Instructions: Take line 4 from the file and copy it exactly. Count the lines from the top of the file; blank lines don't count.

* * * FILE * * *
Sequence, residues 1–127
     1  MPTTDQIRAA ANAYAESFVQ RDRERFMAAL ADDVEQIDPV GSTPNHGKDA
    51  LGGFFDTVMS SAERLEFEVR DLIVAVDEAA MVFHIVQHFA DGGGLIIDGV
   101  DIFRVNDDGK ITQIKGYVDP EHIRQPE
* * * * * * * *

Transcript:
   101  DIFRVNDDGK ITQIKGYVDP EHIRQPE